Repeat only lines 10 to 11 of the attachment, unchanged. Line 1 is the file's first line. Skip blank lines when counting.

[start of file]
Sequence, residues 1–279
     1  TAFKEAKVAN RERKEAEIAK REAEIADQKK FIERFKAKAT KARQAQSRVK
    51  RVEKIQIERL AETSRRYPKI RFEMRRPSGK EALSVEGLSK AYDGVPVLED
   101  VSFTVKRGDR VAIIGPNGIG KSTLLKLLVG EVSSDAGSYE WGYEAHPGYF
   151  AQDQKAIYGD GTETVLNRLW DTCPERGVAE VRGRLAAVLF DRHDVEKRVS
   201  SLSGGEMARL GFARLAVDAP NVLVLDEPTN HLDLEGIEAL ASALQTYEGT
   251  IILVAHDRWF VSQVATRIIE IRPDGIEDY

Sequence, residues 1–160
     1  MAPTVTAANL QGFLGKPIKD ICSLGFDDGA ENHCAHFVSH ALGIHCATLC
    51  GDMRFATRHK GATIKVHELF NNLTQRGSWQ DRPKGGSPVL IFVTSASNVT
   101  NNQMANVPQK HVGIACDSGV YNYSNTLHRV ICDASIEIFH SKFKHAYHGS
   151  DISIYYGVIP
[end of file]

    51  GDMRFATRHK GATIKVHELF NNLTQRGSWQ DRPKGGSPVL IFVTSASNVT
   101  NNQMANVPQK HVGIACDSGV YNYSNTLHRV ICDASIEIFH SKFKHAYHGS